This is the most asinine thing I've ever heard, and it's typical! What, pray tell, would be wrong with the simplest solution: a traffic light? If there is anyplace that would require a roundabout, I would strongly urge it be installed in the area around the town green. Turn what is now vaguely square into a circle, eliminating some of those oblique road intersections where you have to crane your neck at an unnatural degree to see if a car is going to barrel down 111 and cream you. A traffic light would have the effect of slowing down traffic on 111 so that by the time it reaches Fan Hill Road people can cross 111 safely. Better yet, how 'bout another traffic light at, say, Church St.? What is the big objection to traffic lights in Connecticut, anyway? They're not quaint, with no British influences? Why don't we install some zigzag crossing lanes, and blinking streetlamps, too? (The use of the term 'roundabout' instead of the more common 'traffic circle' or 'rotary' is ripe with opportunities for sarcasm. It's kind of like Martha Stewart waxing sentimental about childhood visits from Father Christmas.)
Rob September 13, 2012 at 12:36 PM
P.S. The solution the state is proposing would change the situation that exists now (where there is some stoppage) to one where there is no stopping at all. I can see people plowing into that berm at the middle of the roundabout, when they are going straight on 111, and people on 110 will continue to be at the mercy of people driving too fast on 111. A traffic light, on the other hand, forces people to stop. You can't argue with a red light. Think slowing down will be a problem on 111? Then install lots of rumble strips along 111, and some of those 'warning: signal ahead' signs with blinking lights. It seems to me that we bend over backwards in this area to avoid installing traffic lights - as if by doing so we are going to surrender to the modern world or something. While I'm on that subject, did anyone at the hearing bring up the lack of a traffic light at Monroe Elementary? The fact that there is no traffic light there is a prime illustration of just plain negligence on the part of our state government... which is too busy planting new trees and bushes on the Merritt Parkway (so they can crash down and kill people 15 years from now.)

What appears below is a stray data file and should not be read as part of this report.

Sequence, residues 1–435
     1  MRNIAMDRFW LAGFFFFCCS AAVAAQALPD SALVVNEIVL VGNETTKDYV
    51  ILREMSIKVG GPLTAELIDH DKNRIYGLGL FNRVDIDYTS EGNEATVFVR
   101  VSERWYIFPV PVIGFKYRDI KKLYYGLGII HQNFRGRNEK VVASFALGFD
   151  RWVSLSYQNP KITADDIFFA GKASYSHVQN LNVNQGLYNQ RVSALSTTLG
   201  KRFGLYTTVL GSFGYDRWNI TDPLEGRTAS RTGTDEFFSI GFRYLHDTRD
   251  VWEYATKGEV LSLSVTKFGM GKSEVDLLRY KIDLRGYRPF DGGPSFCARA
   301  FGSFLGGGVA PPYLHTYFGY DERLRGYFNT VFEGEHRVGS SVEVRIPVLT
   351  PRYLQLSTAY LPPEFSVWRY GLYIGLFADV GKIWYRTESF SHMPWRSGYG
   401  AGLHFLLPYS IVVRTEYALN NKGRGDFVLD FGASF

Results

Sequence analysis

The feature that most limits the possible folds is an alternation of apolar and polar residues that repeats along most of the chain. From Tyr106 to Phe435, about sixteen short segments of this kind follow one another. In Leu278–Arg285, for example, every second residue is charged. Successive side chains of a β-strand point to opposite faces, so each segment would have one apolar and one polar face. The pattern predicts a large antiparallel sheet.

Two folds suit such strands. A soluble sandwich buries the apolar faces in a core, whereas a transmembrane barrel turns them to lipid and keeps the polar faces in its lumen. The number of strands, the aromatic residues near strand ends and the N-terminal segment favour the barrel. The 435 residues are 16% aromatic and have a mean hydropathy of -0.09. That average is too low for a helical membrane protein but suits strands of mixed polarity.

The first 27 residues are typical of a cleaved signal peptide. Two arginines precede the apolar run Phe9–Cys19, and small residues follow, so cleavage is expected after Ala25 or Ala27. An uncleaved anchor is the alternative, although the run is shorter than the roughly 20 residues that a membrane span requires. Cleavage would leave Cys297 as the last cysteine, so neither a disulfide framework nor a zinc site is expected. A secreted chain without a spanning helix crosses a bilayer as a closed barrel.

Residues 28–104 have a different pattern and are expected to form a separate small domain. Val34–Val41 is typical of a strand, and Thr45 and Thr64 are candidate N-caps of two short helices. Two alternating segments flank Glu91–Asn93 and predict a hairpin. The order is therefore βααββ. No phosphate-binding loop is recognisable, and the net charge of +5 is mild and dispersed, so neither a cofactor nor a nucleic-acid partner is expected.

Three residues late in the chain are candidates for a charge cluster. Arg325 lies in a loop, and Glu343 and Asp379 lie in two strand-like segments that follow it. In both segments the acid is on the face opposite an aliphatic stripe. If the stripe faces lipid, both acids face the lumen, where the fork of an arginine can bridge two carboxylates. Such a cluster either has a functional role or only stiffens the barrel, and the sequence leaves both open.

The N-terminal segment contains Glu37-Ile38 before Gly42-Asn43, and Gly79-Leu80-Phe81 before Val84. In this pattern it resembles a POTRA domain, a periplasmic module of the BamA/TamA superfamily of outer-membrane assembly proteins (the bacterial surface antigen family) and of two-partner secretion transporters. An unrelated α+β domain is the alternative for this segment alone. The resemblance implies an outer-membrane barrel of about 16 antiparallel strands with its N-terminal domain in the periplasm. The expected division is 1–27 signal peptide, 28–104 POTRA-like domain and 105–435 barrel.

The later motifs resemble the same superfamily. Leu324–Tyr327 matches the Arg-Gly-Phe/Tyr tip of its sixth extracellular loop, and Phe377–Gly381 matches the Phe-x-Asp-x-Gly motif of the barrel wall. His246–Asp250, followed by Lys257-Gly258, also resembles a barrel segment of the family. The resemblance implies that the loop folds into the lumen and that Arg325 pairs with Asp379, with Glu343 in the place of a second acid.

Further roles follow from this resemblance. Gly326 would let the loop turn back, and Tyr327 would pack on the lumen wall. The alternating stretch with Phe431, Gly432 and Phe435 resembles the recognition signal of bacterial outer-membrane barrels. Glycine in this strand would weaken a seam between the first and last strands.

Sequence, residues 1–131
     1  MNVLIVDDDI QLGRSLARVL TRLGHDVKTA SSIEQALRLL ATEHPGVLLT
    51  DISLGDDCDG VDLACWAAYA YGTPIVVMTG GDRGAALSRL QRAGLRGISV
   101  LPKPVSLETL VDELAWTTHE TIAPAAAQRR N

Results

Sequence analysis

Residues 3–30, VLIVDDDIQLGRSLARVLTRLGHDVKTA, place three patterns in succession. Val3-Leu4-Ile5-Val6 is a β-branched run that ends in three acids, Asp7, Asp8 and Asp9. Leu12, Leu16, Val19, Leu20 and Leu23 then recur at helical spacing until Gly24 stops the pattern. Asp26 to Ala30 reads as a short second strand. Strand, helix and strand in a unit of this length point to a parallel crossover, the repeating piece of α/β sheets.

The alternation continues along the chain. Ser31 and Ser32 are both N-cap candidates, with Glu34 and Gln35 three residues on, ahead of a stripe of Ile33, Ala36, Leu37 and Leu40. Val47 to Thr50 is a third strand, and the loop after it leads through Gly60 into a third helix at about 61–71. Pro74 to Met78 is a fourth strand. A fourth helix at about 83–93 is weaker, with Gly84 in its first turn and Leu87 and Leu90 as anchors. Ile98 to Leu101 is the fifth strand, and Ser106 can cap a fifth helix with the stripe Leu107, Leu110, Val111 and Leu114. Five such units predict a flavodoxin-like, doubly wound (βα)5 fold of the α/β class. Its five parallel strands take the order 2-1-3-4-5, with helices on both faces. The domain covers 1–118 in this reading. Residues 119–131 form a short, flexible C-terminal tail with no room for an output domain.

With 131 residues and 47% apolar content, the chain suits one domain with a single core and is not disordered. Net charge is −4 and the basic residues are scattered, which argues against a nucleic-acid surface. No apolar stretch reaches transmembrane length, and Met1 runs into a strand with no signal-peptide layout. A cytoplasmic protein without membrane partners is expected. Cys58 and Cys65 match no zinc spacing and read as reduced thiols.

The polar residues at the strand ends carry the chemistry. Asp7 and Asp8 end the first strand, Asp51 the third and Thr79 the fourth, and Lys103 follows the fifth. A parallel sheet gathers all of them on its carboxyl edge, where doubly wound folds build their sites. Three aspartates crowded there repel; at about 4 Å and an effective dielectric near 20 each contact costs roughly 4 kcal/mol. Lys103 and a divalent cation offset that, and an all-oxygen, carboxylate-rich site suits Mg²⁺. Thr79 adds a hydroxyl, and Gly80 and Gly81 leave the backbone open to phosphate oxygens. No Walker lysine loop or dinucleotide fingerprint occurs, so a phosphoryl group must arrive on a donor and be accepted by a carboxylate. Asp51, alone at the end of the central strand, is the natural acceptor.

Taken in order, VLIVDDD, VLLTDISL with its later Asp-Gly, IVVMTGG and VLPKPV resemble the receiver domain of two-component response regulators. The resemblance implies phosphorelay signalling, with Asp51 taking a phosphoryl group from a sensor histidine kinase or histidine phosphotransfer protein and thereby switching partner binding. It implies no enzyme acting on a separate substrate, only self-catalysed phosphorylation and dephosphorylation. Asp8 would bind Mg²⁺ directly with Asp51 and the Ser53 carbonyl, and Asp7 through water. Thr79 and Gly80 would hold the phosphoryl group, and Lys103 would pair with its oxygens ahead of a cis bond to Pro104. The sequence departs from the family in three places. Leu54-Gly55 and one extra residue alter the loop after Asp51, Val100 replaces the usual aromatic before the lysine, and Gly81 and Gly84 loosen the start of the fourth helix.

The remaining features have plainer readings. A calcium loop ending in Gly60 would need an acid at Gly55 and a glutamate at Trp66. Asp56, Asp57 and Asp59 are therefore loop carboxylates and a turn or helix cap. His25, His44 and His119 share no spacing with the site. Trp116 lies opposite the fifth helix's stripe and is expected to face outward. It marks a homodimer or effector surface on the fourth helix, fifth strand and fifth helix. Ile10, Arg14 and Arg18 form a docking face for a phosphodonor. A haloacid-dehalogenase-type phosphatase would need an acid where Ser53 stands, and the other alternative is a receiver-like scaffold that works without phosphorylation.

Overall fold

Alex September 13, 2012 at 01:24 PM
"A roundabout in Monroe would also be fully funded by the federal government" Would a traffic light also? If not, I think the choice is easy.
Rob September 13, 2012 at 02:10 PM
... which just raises the question: why would the federal government favor roundabouts (to the point of providing funding for their installation) and not a traffic light? That doesn't mean it would be a good idea, just because it wouldn't cost anybody anything locally.
Steve Kirsch September 13, 2012 at 02:52 PM
At the meeting it was explained that a traffic light would result in more crashes and because safety would decline the state would not pay the cost. The difference between a "traffic circle" and a roundabout was explained. While both are round, they function very differently. They also pointed out that a roundabout will slow people down and reduce the feeling as a driver that you are being delayed compared to a light. They said that the data shows that a roundabout reduces a drivers feeling that he/she needs to rapidly speed up when leaving the roundabout whereas drivers speed up after a traffic light to make up time.